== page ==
Buy the Whole Barrel
From the Print Edition:
Cigar Aficionado's 20th Anniversary, September/October 2012
Sure you can spend time and money hunting for trophy bottles of single malt at auction, but the biggest prize—literally—in the spirits is to buy an entire barrel. Taking the cask for yourself is the way to ensure exclusivity and bragging rights: there’s no bottle out there exactly like it and no one else can taste it unless you share some.
Ironically, a ready source for your unique whiskey may be one of the world’s best-known distilleries: Jack Daniel’s. Whole-barrel programs, which used to be fairly common, have evaporated in Scotland and dwindled to a few in the United States (mainly small craft distillers, although Bourbon giant Heaven Hill also offers some of its choicest stock by the barrel). The vast Jack Daniel’s empire, which first bottled single-barrel versions in 1997, has been selling entire barrels full almost as long.
The full-on experience is enjoyed by visiting the site in Lynchburg, Tennessee, where buying the barrel is one of the ways around the hamlet’s famous no-drinking edict. Announce your intention and you’ll sit down and sample a range of barrels with someone like master taster Jeff Norman (pictured). The casks are selected from the one in 100 that have been chosen for Jack Daniel’s Single Barrel. (Those casks come from the upper reaches of the warehouses where serendipity created the marque; when the company expanded into the rafters for more storage space, it found the location rendered tasty whiskey.)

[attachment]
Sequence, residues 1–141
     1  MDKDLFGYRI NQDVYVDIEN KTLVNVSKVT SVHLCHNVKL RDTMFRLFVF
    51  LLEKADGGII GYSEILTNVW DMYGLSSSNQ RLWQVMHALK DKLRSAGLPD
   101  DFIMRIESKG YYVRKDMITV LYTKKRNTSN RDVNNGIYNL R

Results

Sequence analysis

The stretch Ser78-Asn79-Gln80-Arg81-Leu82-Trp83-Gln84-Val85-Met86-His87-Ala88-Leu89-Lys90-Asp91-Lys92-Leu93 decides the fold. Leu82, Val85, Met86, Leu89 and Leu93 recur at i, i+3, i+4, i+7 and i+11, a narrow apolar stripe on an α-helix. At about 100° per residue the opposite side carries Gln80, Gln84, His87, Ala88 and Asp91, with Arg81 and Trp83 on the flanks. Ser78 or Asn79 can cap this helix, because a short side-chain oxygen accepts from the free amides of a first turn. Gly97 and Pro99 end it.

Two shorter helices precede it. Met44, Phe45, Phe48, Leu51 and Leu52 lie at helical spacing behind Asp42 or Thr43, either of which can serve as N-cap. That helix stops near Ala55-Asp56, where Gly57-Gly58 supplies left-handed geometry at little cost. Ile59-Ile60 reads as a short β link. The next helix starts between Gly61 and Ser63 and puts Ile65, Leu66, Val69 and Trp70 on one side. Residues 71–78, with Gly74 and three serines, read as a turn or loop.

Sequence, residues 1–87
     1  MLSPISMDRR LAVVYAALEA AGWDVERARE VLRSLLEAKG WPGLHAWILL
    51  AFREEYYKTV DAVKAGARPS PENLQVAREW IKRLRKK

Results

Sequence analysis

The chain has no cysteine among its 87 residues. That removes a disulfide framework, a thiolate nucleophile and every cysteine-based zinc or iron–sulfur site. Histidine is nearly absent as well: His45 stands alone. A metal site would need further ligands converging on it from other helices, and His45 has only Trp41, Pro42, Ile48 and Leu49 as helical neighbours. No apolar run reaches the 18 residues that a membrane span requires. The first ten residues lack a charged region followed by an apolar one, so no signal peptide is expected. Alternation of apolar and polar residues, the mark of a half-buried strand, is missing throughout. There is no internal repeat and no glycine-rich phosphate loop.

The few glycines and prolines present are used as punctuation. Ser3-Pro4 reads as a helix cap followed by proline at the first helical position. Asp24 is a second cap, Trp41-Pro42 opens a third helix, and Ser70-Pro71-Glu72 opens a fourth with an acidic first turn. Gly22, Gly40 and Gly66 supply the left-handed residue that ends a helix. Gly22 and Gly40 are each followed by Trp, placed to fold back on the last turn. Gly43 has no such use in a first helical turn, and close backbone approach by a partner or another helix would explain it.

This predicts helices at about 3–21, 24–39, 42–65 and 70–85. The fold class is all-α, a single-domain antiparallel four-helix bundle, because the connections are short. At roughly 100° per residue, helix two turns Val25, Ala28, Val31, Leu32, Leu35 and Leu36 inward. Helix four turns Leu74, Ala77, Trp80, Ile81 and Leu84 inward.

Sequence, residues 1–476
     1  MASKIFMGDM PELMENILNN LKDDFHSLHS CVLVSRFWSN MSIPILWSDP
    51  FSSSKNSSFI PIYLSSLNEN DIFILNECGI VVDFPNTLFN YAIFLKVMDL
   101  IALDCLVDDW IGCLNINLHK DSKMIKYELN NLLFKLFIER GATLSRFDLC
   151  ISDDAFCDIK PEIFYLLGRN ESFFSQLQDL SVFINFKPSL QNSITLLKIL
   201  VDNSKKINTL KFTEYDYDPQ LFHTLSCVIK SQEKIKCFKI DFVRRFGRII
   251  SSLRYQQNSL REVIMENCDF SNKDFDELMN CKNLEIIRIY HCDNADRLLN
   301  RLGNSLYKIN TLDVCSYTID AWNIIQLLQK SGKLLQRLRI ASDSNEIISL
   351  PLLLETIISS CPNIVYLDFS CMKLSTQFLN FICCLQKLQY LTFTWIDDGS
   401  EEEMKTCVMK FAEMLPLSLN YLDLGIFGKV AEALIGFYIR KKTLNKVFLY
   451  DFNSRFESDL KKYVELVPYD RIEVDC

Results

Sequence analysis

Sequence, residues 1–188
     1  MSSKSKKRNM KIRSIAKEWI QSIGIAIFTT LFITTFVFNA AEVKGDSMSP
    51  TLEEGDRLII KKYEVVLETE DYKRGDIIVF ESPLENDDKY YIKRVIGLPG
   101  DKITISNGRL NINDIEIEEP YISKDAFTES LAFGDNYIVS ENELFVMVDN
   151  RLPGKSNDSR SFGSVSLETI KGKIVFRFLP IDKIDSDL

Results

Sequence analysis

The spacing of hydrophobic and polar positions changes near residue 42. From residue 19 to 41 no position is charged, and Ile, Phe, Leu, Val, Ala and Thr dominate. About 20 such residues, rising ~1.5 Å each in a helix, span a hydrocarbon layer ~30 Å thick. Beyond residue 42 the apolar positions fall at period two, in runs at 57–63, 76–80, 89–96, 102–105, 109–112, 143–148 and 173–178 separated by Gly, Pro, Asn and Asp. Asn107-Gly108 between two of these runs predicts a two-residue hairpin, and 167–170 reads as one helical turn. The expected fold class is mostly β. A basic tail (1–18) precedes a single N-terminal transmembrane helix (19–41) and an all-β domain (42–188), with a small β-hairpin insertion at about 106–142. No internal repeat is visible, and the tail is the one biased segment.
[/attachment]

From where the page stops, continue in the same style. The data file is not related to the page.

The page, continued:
Typically, you’ll sip from a spectrum of flavor profiles—from sugary to oaky to caramelized—to see where your tastes lie. However, if you know your tastes you can stick to samples from any one category. (If you can’t make it to Lynchburg, you can sample at home.)
You won’t drive away with a barrel of Jack. (Liquor laws prohibit that.) Rather, the distillery dumps the barrel for you and bottles it at 94 proof (14 points higher than the regular Old No. 7) in decanters that bear your personalized labels. The bottles and the empty barrel (also tricked out for you with a brass plaque) are delivered to you. For a price ranging from $9,000 to $12,000 you are guaranteed at least 240 bottles, but due to the inconsistency of evaporation you may get as many as 280.
Another reason to go to the tourist attraction (with its over 225,000 visitors a year) is to see the whiskey being made by charcoal-filtering. And, oh yeah, you might want to visit the Single Barrel Society room, where another plaque bearing your name is displayed with the thousands of others who have made the same decision to buy by the barrel.
Visit jackdaniels.com and heavenhill.com.
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